The emergency Budget in June was the moment when fiscal credibility was restored. Our market interest rates fell to near-record lows, our country's credit rating was reaffirmed and the IMF went from issuing warnings to calling our Budget essential. Now we must implement some of the key decisions required by that Budget. To back down now and abandon our plans would be the road to economic ruin. We will stick to the course, we will secure our country's stability and we will not take Britain back to the brink of bankruptcy.

In the Budget, I set out the tax increases we were prepared to make, including on capital gains at the higher rate, pensions relief on the largest contributions and, for the first time, a permanent levy on banks. We also had to increase value added tax, where, fortunately, we were able to benefit from the preparatory work in the Treasury of the previous Government. I made it clear that spending reductions rather than tax rises needed to make up the bulk of the consolidation. That is what the leading international evidence suggests works best. So I set out spending totals for the coming years and announced some £11 billion of welfare savings that would help to achieve them. I also set out a new fiscal mandate for the public finances to eliminate the structural deficit by balancing the cyclically adjusted current Budget over five years by 2015-16. We set a target of national debt falling as a proportion of national income by that same year. We explained how, for reasons of caution, we will achieve both these objectives a year earlier, in 2014-15.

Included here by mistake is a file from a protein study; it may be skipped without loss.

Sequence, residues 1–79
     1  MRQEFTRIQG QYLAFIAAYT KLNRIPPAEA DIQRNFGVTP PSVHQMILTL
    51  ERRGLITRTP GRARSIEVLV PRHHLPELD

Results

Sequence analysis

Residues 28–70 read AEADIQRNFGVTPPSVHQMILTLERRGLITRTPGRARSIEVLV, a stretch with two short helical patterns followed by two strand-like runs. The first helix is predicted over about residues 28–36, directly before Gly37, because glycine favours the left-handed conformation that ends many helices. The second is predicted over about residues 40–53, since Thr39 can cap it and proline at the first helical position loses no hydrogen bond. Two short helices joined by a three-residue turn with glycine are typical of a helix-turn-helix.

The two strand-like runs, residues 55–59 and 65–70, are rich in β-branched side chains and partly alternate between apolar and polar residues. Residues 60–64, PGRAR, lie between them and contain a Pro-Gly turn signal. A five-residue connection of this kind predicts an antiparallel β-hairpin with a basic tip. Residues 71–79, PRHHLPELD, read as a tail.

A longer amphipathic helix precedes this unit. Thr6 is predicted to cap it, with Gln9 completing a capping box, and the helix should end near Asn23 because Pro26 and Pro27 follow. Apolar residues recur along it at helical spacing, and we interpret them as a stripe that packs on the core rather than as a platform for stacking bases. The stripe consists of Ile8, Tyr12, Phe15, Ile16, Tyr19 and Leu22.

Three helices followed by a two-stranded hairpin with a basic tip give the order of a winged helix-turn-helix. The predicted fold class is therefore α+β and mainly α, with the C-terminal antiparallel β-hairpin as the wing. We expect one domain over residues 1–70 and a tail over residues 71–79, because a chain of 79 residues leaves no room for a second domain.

I can confirm that the spending plans I set out today achieve a balanced structural current Budget and falling national debt on the same timetable. I can further confirm that the current spending totals I set out in the Budget for each of the next four years are the same as the current spending totals I set out today. They have not changed. Next year, current expenditure will be £651 billion, then £665 billion the year after and £679 billion the year after that, before reaching £693 billion in 2014-15. The House will note that current spending is rising, not falling, over that period. That is partly because, even with the measures we take today, debt interest payments continue to grow in these years. Debt interest payments will reach £63 billion in 2014-15-it takes time to turn around the debt supertanker-but I can now report to the House that against the plans we inherited, one of the departments which suffers the greatest cut today, and at the steepest rate, is the department for debt interest. Debt interest payments will be lowered by £1 billion in 2012, then by £1.8 billion in 2013 and by £3 billion in 2014-a total of £5 billion over the course of the spending review, which is equivalent to 16 new hospitals or the annual salaries of 100,000 teachers.